Close this search box.

The 5 best bicycle restoration tips you need to know before starting your first project

In this article I will give you the best 5 bicycle restoration tips I wish I knew before I started my first bike restoration project.

I hope it will save you valuable time and money and increase the enjoyment out of riding a bike you’ve restored yourself and the bike restoration process itself.


Tip 1. Fixing a bike vs. riding a fixed bike

I take great enjoyment out of riding a bike I fixed. But I have taken on some very daunting bike restoration projects. This meant I’ve spent months on a bike before any riding ever took place.

Sanding and spraying a frame, sourcing periodic-correct parts, complex bicycle repairs; a bike restoration can be both time-consuming and sometimes a pure test of willpower.

So take into consideration what you like most about the restoration process. Is it fixing a bike or riding a bike that’s fixed? If it’s predominantly riding a fixed bike, restoring a vintage bike might not be for you, and you will find yourself quitting the restoration process.

And sometimes you can only find the answer to this question by actually starting it.

Tip 2. Quality over Quantity

I started out wanting to fix every bike, which needed to be fixed. And my first restoration project was an abandoned mountain bike during a holiday: a B’TWIN Rockrider 340.

It was quickly followed by a second one (1990 Scott Town XC) I found a couple of days later.

But simply because I don’t have the space to keep all those bicycles I was forced to re-evaluate what projects were worthy enough to pick up.

I either sold or gave away a great number of bikes. This led me to be more picky and focus on quality more than quantity.

I started being very budget-minded and trying to reuse every conceivable part.

However I gradually moved into upgrading (worn) parts to achieve the ultimate riding experience, instead of just simply having fixed a bike.

And doing that with less bikes meant I was willing to spend more money per bike.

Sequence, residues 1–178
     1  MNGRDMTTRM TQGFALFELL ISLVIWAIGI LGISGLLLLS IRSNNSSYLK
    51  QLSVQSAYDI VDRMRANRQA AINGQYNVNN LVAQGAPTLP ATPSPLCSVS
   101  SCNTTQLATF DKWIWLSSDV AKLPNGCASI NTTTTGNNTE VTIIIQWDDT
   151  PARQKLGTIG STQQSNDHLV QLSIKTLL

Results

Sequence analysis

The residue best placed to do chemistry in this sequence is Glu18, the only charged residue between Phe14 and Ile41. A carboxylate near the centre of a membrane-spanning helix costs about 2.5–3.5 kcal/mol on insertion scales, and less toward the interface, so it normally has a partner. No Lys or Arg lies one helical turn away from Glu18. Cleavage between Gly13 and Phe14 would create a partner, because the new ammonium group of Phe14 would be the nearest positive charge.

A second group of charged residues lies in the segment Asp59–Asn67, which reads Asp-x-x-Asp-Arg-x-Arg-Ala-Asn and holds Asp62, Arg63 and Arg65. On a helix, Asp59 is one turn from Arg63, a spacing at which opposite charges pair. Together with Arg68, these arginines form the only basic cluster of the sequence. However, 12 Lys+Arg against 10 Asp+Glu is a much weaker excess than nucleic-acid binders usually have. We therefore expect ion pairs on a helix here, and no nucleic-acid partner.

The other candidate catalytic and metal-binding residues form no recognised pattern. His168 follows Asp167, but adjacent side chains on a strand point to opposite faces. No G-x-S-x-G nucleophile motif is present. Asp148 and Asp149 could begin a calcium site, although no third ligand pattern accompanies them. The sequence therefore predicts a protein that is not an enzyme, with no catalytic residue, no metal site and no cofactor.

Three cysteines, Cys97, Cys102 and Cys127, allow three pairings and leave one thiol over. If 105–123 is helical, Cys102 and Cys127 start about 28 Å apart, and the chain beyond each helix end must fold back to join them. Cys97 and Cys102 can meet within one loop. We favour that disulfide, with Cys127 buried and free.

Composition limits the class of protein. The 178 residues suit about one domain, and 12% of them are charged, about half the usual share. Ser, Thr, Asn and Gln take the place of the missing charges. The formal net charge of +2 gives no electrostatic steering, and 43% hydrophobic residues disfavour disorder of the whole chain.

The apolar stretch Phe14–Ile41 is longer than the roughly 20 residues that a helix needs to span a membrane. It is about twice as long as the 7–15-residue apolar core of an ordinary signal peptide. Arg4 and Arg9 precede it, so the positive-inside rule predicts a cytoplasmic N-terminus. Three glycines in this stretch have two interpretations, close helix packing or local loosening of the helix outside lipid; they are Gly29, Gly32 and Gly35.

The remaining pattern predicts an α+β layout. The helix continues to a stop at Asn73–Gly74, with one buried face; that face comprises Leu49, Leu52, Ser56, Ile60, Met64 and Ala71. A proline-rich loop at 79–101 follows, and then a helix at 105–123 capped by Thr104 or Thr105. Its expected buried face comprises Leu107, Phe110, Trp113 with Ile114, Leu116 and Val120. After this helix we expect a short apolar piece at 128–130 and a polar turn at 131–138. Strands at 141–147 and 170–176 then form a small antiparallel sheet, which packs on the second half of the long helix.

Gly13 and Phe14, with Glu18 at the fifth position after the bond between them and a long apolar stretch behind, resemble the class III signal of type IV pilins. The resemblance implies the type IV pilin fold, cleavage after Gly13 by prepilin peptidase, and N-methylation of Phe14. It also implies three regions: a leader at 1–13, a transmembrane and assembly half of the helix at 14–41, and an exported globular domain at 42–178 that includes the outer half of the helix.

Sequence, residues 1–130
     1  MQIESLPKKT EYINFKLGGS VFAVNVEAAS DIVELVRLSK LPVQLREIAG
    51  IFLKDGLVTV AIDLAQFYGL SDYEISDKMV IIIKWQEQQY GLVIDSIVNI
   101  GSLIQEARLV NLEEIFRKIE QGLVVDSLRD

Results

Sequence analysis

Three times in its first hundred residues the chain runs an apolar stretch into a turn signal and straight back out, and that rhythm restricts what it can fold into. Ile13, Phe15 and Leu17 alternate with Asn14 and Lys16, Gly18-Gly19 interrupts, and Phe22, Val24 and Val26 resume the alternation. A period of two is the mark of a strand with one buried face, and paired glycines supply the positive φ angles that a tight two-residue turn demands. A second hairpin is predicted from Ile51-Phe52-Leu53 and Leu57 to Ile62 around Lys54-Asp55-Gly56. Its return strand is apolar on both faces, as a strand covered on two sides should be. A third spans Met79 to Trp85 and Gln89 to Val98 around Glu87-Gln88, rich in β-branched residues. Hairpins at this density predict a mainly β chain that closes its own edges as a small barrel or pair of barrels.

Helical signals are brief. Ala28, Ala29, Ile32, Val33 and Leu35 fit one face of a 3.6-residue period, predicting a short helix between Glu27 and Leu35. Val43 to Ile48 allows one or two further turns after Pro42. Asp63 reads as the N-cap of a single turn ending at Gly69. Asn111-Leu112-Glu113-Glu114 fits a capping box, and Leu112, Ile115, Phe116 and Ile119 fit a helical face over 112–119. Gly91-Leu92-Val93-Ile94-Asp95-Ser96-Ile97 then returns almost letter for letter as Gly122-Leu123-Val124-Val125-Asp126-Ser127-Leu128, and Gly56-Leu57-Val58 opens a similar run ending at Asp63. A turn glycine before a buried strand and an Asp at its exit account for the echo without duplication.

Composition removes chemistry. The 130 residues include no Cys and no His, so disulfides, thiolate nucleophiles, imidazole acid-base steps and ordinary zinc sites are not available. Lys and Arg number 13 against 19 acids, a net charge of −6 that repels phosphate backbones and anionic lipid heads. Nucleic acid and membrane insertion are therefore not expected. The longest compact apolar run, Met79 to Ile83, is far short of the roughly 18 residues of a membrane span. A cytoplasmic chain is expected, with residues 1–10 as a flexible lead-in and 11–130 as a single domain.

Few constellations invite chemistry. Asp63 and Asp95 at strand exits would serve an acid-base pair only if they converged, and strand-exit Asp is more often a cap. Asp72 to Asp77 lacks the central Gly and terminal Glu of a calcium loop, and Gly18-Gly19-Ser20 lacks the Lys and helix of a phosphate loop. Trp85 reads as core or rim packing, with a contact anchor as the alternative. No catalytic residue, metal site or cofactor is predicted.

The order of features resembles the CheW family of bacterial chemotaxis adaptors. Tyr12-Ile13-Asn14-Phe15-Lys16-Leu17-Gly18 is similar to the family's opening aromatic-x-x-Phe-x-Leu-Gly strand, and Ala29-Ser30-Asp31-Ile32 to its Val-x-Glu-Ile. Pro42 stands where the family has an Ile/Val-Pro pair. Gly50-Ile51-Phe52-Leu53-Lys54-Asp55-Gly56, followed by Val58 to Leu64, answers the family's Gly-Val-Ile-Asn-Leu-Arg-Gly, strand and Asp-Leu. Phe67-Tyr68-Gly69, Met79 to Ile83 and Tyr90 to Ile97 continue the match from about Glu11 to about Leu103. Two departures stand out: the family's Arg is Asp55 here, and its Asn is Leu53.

Tip 3. Be willing to spend money

I’m not someone who restores bikes because I want to make money selling them. I’m also not someone who has a really tight budget.

Being willing to spend money on something I’m going to use and maximizing the final riding experience is my goal.

The price of entry into bicycle restorations is quite high. Not only do you have to pay for a number of parts, which are almost always unusable (like a worn chain and cassette). You also have to pay for specialty tools to perform the repairs yourself.

best tools for bicycle repairs

I’ve written an entire article on the subject of bike restoration costs. Not only did I spend on average around €500 per bike. I’ve also spent hundreds of euros on tools for bicycle repairs.

Tip 4. Avoid taking on a too ambitious bike restoration project

After a couple of bike restorations I was better able to gauge the amount of work a certain project would represent. More importantly the amount of work I wouldn’t necessarily enjoy all that much.

I also less underestimated the fact that with every project you will run into unforeseen issues (like a handlebar being cut way too short). These issues will need time and money to overcome.

For instance both the Cannondale Killer V and the Koga Miyata Adventure had cranksets that were composed of different style cranks. The Killer V had both a black and silver crank, the Adventure had cranks from two different types.

It was something I was unable to spot based on the photos of their respective listings and because the other owners failed to mention them.

A good type of bike to start with would be either a road bike or a rigid mountain bike (no suspension).

These bikes don’t have tricky lighting to set up, complex front- and rear suspension, fenders, racks, chain guards, and locks.

They are the simplest of bicycles which will teach you the basics of bike restorations and bike repairs like:

Tip 5. Be humble enough to ask for help

I’ve written over a hundred articles on the subject of bike restoration and spent countless hours researching bikes, parts, and tutorials. But I’m the first to admit I’m not the best bicycle mechanic you’ll find, far from it.

van der linden tweewielers
Wouter from Van der Linden Tweewielers; photo taken from

More than once I went to my LBS to ask for help and created a relationship with them where they almost always help me for free in exchange for the occasional case of beer.

The guy who runs the shop and has been in the business for 25 years simply knows far more than I do. And the ease with which he fixes something in 5 minutes which will take me half an hour is something I can only admire.

And I’m fine with it. For me it’s a hobby, for him it’s the thing that pays his mortgage, so he’s supposed to outperform me on every level.

Bicycle restoration tips concluding remarks

I hope these 5 bicycle restoration tips will provide you with the information to make better choices than I’ve made in the past.

My remarks about taking on more than you could handle notwithstanding, restoring and riding a bicycle that was left for dead is an incredibly rewarding experience.

It’ll help you to not only grow your skills in restoring bicycles but also be more open-minded towards your own abilities to overcome challenges in other areas. It changes the way you look at problems and approach them with a willingness to move forward when facing adversity.

And that wraps up my article about the 5 best bicycle restoration tips.

You might also like